Girl Boss Revenge (Sukeban) might not be the best of the pinky violence movies made by Toei Studios in the 70s but it’s typical of the breed and it’s a highly enjoyable slice of Japanese exploitation cinema.
Directed by Norifumi Suzuki in 1973 it once again pairs Miki Sugimoto and Reiko Ike as rival girl bosses. The director had discovered both actresses at the same time and both became major stars for Toei but when Reiko Ike left the studio Miki Sugimoto became the bigger star. When Ike returned to Toei she found herself playing second fiddle to Sugimoto but the two actresses were such a dynamic combination that the studio (wisely) continued to pair them together.
The Girl Boss series of movies (of which this was the fourth) are linked by common themes rather than by common characters and they all function perfectly well as standalone movies.
As this film opens a busload of female juvenile delinquents is on its way to a juvenile facility. Maya (Reiko Ike) and Komasa (Miki Sugimoto) have already clashed on the bus, but theirs is an enmity based on mutual respect (a theme which will dominate the movie). The prison van is hijacked and the girls escape.
Komasa has always been a loner but several of her fellow escapees attach themselves to her and ask her to be their girl boss. In Japanese female juvenile delinquent movies the girl boss is a crucial figure. She is in many ways like a samurai - she lives by the code of the warrior. When Komasa and Maya meet their meeting is very much like Ike and Sugimoto’s meeting in Terrifying Girls’ High School: Lynch Law Classroom (also directed by Norifumi Suzuki) - they recognise each other as fellow warriors.
When a girl boss gathers a group of followers it is more than just a girl gang - it involves mutual responsibilities and it imposes a duty on the girl boss to protect her followers, even at the risk of her own life. This is another theme that is particularly pronounced in the female juvenile delinquent movies of Norifumi Suzuki. Komasa accepts the girls as her followers, and she accepts the responsibilities that entails.
The 1970s Japan of Norifumi Suzuki is a tough place for a girl juvenile delinquent. It is a world dominated by organised crime, by the yakuza. And to the yakuza women are merely a source of money. The yakuza gang that controls the city runs a major prostitution racket based on Turkish bath houses and they recruit unsuspecting women wherever they can find them, including members of the girl gangs.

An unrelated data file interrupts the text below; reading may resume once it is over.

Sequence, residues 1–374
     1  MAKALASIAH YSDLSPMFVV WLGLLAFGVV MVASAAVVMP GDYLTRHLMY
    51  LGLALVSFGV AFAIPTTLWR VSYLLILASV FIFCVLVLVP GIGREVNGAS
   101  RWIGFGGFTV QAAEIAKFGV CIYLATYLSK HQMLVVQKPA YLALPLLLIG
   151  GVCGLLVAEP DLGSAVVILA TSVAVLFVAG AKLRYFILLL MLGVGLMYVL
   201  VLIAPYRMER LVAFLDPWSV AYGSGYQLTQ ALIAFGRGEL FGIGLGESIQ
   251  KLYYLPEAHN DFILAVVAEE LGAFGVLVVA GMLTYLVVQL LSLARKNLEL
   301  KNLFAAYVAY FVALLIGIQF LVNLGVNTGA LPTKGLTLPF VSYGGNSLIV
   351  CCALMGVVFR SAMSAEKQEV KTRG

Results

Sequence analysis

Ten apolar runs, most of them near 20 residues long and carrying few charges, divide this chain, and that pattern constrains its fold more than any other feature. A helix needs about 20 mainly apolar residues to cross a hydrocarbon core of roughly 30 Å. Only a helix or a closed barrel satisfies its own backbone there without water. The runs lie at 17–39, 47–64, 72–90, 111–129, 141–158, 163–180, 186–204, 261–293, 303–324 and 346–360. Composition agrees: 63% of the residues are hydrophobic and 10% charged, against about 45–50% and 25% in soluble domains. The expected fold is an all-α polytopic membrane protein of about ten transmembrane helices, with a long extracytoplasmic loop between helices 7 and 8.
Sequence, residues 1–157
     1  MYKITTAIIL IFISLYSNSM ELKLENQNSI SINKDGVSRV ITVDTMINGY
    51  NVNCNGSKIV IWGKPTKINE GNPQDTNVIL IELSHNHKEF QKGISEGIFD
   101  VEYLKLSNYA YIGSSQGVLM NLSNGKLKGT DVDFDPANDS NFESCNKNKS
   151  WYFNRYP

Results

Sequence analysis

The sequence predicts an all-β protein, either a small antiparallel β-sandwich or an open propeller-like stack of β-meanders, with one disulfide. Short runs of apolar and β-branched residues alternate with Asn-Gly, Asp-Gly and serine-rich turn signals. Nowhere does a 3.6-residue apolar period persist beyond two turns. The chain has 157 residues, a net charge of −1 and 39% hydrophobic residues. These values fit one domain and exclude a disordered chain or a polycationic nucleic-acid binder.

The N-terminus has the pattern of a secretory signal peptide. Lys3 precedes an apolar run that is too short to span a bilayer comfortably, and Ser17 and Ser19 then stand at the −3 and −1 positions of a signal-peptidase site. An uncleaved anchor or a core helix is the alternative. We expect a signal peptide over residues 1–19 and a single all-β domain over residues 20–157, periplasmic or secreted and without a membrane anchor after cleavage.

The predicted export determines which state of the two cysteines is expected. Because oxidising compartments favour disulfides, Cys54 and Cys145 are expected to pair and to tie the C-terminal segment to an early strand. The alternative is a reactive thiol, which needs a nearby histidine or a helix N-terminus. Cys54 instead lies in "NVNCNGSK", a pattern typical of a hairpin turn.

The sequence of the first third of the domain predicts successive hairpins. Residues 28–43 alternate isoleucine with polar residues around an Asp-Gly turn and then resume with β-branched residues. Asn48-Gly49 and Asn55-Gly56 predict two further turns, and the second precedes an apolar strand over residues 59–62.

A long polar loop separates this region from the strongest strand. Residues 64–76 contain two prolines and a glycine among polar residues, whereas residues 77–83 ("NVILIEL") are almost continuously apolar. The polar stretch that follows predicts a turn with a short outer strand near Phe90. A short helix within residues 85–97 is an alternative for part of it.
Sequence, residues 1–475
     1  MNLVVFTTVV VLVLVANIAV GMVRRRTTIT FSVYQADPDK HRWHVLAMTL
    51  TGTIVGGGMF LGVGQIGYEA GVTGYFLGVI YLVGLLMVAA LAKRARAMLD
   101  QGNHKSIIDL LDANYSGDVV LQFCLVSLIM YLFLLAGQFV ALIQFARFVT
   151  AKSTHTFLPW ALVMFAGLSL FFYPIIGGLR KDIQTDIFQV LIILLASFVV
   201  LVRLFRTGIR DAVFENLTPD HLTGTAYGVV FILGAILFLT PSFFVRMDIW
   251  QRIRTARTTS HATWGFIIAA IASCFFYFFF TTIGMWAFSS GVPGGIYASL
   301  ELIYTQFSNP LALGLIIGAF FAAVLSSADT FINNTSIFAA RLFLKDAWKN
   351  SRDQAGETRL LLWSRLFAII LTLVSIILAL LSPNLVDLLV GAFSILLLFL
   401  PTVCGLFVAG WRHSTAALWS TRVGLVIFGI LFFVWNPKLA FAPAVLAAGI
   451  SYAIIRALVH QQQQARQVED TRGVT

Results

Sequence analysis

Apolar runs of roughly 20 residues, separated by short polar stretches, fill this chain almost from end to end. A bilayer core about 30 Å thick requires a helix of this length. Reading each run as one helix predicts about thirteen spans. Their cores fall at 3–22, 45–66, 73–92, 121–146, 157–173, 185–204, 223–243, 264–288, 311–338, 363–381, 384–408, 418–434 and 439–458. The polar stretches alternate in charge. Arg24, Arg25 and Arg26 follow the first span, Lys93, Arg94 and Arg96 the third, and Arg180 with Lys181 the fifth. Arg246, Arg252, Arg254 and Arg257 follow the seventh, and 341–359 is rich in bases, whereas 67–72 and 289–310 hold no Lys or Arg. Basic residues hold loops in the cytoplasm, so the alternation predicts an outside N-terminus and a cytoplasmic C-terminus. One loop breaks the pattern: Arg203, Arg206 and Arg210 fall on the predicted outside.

This brings us to another theme that runs through Norifumi Suzuki’s movies - there are many men in postwar Japan, both men in respectable positions and in organised crime, who claim to live by the code of bushido but it is the girl bosses who truly live (and if necessary die) by that code. The yakuza care about money and power while the girl boss is more concerned about honour. The female juvenile delinquent gangs are bound together by a loyalty that the yakuza do not possess - the girls have to stick together in order to survive, and if one girl is in trouble the others have to come to her aid because no-one else will and the girls understand this. You risk your life for a fellow gang member because you know that if the position were reversed she would risk her life for you.
Komasa’s gang, the Kanto Gypsies, soon come into conflict with the local yakuza. This will bring them into contact with Tatsuo, Maya’s boyfriend, and eventually with Maya herself. Tatsuo is a member of the yakuza gang and he is ambitious but he lacks the code of honour that both Komasa and Maya live by. He is both a weak and a tragic figure and his betrayals will put Maya’s life in danger. His betrayals will also bring the two rival girl bosses, Komasa and Maya, together. Maya might be her enemy and her sworn rival but when the chips are down Komasa will stand by her because her code of honour will not allow her to do anything else. The yakuza regard women as little more than pieces of meat but to Komasa Maya is a fellow warrior who lives by the same code that Komasa lives by, and a warrior does not abandon a comrade to thugs like the yakuza.
Miki Sugomoto is of course awesome. She is one of the great cult movie heroines, a capable and charismatic actress with an extraordinary screen presence. Reiki Ike has the lesser part but she makes the most of it and demonstrates her star quality.
This movie is perhaps less flamboyant than some of Norifumi Suzuki’s other films but it’s still a stylish offering. The violence is often disturbing, which is something that a fan of these pinky violence movies has to come to terms with. There are some horrifying moments of violence against women but that is an inherent part of the world of pinky violence films - it is the violence the women suffer that brings them together and confirms their bonds of loyalty, and gives them the strength to fight back. And fight back they certainly do. In this sense they’re rather similar to the rape revenge movies that were popular at the time in European and American cinema - the violence against women is not merely gratuitous but serves a dramatic function, and the women will have their vengeance.
Norifumi Suzuki’s movies can be rather confronting (as can all of Toei’s pinky violence films) but there’s always a positive message of women standing by each other and if you can get past the graphic violence they’re stylish and very enjoyable examples of exploitation cinema at its most interesting.
Norifumi Suzuki was always good at staging action sequences and the climactic battle between the girls and the yakuza is the sort of spectacular action set-piece that fans of this genre look forward to.
The Tokyo Shock Delinquent Girl Bosses Collection DVD pairs this movie with Delinquent Girl Boss: Blossoming Night Dreams, an unrelated but equally interesting 1970 Toei production. Both movies are presented in anamorphic widescreen transfers and both look impressive.